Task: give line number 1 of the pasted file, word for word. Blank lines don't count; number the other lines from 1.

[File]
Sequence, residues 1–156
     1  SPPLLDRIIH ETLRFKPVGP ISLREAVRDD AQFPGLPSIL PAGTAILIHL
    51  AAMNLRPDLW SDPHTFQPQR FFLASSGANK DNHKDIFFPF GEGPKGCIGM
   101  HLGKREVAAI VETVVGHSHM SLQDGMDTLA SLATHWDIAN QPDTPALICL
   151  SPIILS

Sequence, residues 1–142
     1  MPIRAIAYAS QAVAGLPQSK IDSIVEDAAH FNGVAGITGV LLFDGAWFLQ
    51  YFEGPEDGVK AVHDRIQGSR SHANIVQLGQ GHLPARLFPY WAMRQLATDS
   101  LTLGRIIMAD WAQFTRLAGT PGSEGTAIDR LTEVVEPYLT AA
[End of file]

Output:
Sequence, residues 1–156